Dem governors in Montana, Virginia, give thumbs down to gun reform bills

Gov. Terry McAuliffe of Virginia, left, and Gov. Steve Bullock of Montana, right, between them ended five Republican backed bills with their executive veto powers last week.

Gov. Terry McAuliffe of Virginia, left, and Gov. Steve Bullock of Montana, right, between them ended five Republican-backed bills with their executive veto powers last week.

Citing safety concerns, five pro-gun bills met their end last week at the veto pens of Gov. Steve Bullock of Montana and Gov. Terry McAuliffe of Virginia.

Among the three proposals rejected by McAuliffe included expansions of concealed carry protections and shall-certify legislation to speed up the processing of National Firearms Act items such as suppressors. Bullock in turn scuttled a move towards permitless or constitutional carry and a measure to nullify federal gun control laws.

In discussion of his vetoes Friday, McAuliffe cited safety concerns for his reasoning not to pass a measure to allow concealed carry permit holders to have loaded long arms in their vehicles, saying, “One of the first things you learn in gun safety is you do not keep a loaded gun in your vehicle,” as reported by the Richmond Times-Dispatch.

Likewise for his veto of legislation that would have prevented the state’s database of permit holders from being shared with jurisdictions that did not have reciprocity agreements with Virginia, McAuliffe stated that his pen was swayed over concern for the safety of law enforcement officers.

The three Virginia bills included:

  • Senate Bill 948 would have mandated that only jurisdictions who in turn recognize the state’s concealed handgun permit will have access to the Virginia Criminal Information Network, which houses the database of permit holders. It was proposed following apparent instances of concealed carry licensees being targeted by police while individuals travel out of state.
  • Senate Bill 1137 would have allowed permit holders to have a loaded rifle or shotgun in their vehicle.
  • House Bill 2009 would have mandated that local chief law-enforcement officers sign off on NFA paperwork for individuals seeking to obtain Title II firearms such as suppressors and select-fire weapons, providing that the individual was not prohibited from possessing the item.

“Governor McAuliffe has indicated time and time again that he doesn’t answer to the gun lobby,” Lori Haas of the Coalition to Stop Gun Violence, said in a statement. “His vetoes this week convey that he knows that his job is to protect the people of Virginia from gun violence that is entirely preventable. We thank him for his decisive action to safeguard our families.”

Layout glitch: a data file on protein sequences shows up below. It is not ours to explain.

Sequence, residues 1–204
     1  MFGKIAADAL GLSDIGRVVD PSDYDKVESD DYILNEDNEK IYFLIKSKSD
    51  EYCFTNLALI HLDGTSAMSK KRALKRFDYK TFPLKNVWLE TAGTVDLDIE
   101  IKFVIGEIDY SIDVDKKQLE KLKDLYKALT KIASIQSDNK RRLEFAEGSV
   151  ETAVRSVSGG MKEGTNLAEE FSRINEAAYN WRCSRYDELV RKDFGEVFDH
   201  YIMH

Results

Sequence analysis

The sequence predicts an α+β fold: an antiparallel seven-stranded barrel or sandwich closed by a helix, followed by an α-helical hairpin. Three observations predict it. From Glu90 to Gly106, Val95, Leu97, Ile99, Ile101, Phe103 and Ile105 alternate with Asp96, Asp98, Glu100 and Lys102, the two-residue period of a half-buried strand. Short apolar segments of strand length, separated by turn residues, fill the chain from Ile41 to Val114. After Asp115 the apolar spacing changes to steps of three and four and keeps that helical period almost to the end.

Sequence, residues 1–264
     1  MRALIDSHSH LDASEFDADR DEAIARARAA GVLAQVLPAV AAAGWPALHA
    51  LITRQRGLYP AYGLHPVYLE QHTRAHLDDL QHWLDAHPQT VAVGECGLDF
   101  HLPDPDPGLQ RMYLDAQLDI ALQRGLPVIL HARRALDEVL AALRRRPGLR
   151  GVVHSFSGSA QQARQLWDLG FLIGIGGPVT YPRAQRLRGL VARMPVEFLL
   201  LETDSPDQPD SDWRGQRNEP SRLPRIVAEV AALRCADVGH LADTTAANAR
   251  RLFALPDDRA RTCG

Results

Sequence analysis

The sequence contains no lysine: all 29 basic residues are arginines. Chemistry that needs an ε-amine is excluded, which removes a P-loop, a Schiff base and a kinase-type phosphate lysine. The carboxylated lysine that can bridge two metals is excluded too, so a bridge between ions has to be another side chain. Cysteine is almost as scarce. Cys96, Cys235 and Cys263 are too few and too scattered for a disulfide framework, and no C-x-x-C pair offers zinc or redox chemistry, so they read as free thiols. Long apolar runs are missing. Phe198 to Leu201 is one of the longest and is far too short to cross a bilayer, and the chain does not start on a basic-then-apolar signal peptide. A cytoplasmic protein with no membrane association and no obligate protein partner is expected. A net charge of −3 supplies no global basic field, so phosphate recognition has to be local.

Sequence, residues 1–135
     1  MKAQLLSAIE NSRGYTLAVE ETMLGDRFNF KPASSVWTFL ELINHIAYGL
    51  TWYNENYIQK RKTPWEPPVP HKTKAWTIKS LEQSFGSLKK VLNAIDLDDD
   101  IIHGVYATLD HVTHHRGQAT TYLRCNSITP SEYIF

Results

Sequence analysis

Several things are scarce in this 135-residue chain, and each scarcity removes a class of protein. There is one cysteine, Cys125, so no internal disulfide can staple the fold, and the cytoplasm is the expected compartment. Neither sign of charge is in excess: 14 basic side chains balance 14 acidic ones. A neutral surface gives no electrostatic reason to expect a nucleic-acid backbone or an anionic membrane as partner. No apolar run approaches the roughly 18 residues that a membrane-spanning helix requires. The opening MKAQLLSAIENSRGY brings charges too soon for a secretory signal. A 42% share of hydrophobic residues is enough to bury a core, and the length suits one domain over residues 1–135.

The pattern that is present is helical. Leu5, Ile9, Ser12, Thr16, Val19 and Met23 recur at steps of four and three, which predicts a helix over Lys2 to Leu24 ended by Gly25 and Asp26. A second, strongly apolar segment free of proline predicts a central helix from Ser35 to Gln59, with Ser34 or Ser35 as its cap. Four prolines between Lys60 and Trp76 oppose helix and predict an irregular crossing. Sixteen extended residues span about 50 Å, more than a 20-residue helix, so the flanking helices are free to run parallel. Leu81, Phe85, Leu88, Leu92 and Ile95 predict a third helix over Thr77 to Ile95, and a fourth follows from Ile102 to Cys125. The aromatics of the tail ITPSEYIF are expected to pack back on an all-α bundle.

Montana vetoes

In Big Sky Country, Democratic Gov. Steve Bullock scrapped a measure that would have expanded the state’s already existing permitless concealed carry laws to metropolitan areas of the state. Like McAuliffe, he cited safety concerns.

“While I will fiercely defend the 2nd Amendment rights of our citizens, I cannot support an absurd concept that threatens the safety of our communities by not providing for the basic fundamentals of gun safety or mental-health screening,” Bullock noted in his veto message, as reported by the Billings Gazette.

The proposal, House Bill 298, was a simple two-page act designed to allow the carry of concealed firearms in the state without a permit, providing the residents can legally possess a firearm. Currently, the state enjoys a rural form of constitutional carry, with permits only required inside city limits.

Besides the constitutional carry measure, Bullock for the second time in three years dropped veto ink on legislation that would have prohibited local authorities from assisting in the enforcement of federal gun laws.

The measure, House Bill 203, would have made it illegal in Montana to enforce any federal law that the state deems to be in violation of the Second Amendment to include limits on firearms, ammunition and accessories. Montana’s previous attempt at curtailing Washington’s gun laws in the state, the Firearms Freedom Act, met with dismissal by a federal court of appeals in 2013.

Sponsors of the nullification legislation were not impressed with Bullock’s actions.

“I think Montanans are at greater risk of federal overreach on their gun rights,” Rep. Art Wittich, R-Bozeman, HB 203 sponsor, said. “It seems like every day you hear about another effort by Congress and President Obama to restrict gun rights and ammunition. This would have been a common-sense approach to protect Montanans.”

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